Don’t be fooled by its size – this intimate bar houses fridges full of shochu, umeshu and jizake (artisanal sake) from boutique breweries in Japan. None of the labels stocked here are run-of-the-mill. Orihara carries many seasonal, rare and onetime productions among its 200-strong bottles. They range from $60 to $2,000 for dine-in and $35 to $1,500 for retail. Though you can’t order sake by the glass, Orihara does offer tasting flights. 

  • Bars and pubs
  • Raffles Place

The clue is in the name: ‘Boruto’ is Japanese for ‘vault’. Skip past the unassuming façade, hop through the tapas bar on the first storey and climb straight up to the second level – there, you’ll find rice wine stowed away in a literal vault. It houses over 80 brands of prized sake, of which around 50 are exclusive to Boruto, such as the Daishichi Minowamon Kimoto Junmai Daiginjo ($480) and Fukuiwai Junmai Daiginjo 29 percent ($519). To really ball hard, pick up a Juyondai Tatsuno Otoshigo Junmai Daiginjo for a neat $1,380 a bottle. 

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  • Bars and pubs
  • Tanjong Pagar

BAM! fulfills all the trappings of the now-mainstream hipster decor – naked bulbs, exposed wires and bare concrete walls – but look past that and you’ve found yourself in a popular CBD office crowd stomping ground. Inspired by Chef Pepe Moncayo’s trip to the esteemed Katsuyama brewery where he was first introduced to the concept of sake and food pairing, the joint offers an eclectic mix of cuisines that is driven by textures, colours and flavours. Plant yourself along the bar facing the open kitchen to get up-close and personal with the lively kitchen staff, and order a few Spanish-inspired small plates to accompany your sake.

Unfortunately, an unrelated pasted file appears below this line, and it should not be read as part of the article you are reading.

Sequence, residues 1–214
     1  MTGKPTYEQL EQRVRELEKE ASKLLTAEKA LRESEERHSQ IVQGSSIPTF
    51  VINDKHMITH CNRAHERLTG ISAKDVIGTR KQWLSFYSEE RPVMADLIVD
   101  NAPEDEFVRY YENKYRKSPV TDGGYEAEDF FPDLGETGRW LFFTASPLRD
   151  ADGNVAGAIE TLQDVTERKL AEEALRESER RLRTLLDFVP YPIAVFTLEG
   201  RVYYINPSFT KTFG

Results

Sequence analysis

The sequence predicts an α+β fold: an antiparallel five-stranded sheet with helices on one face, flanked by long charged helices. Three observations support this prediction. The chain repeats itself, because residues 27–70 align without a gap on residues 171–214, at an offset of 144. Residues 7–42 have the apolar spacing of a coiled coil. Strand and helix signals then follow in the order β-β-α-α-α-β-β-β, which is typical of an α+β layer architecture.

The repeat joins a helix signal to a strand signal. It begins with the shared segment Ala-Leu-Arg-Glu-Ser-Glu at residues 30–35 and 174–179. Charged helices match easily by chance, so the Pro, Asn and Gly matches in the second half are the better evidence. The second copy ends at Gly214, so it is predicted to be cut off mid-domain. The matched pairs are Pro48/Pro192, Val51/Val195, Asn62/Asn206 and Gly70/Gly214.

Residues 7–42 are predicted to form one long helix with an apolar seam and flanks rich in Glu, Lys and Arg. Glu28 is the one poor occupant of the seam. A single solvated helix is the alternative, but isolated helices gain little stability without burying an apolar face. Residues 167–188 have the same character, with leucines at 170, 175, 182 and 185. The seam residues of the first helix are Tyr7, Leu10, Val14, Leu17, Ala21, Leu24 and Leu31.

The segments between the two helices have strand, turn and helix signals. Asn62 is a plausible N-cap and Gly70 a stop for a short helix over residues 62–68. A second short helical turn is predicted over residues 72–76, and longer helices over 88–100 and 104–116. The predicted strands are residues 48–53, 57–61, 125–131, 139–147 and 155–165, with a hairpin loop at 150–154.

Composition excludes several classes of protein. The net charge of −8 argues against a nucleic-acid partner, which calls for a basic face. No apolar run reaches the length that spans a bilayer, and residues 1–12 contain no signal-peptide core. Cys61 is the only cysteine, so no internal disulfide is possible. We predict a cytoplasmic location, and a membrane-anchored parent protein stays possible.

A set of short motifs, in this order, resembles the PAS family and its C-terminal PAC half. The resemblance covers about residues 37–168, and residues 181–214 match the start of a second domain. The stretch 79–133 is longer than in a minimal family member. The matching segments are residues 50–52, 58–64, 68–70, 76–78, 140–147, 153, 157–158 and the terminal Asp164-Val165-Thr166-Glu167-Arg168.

• Bars and pubs
  • Tanjong Pagar

Paper lanterns and noren usher you into a dingy-in-a-good-way izakaya that feels like it’s straight out of a Tokyo back alley. Yes, the owners of ShuKuu are freshening up the post-work drinking scene of our CBD with a slice of life from the Japanese capital – but rather than pints of Asahi, sake’s the order of the day. Don’t bother with the menu. It changes so frequently that it might not even be updated – ask for recommendations instead. 

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  • Bars and pubs
  • Izakaya
  • Tanglin

Mirroring the live kitchen action (yakitori smoking over open flames perfuming the air with the intoxicating scent of grilled meat), the walls of Yujin Izakaya are decked out in framed manga scenes. It's a fun, vibrant space that doesn’t take itself too seriously. So, you shouldn’t too. A part of the Les Amis group’s diverse restaurant portfolio, Yujin offers the same quality of food you'd expect from the rest of the group. The sake list features some pretty out-there varietals too – think Hoya Daiginjo and Ohmine Junmai Daiginjo from Yamaguchi prefecture.

  • Bars and pubs
  • Izakaya
  • Raffles Place

Even during the middle of the week, Shunjuu Izakaya draws in a large crowd looking for a rowdy izakaya experience by the riverside. Its atmosphere and food – it dishes out a mean oyster omelette, golden-brown karaage and stupendous sticks of chicken skin, tsukune and pork jowl – are what keep people coming back for more. Aside from ice-cold beers on draft, the sake list pushes everything from the high-grade sakes like Toko Junmai Daiginjo ($199 for 720ml) to the sweet and fruity Amabuki Junmai Ginjo ($139 for 720ml). Pro-tip: reservations are highly recommended.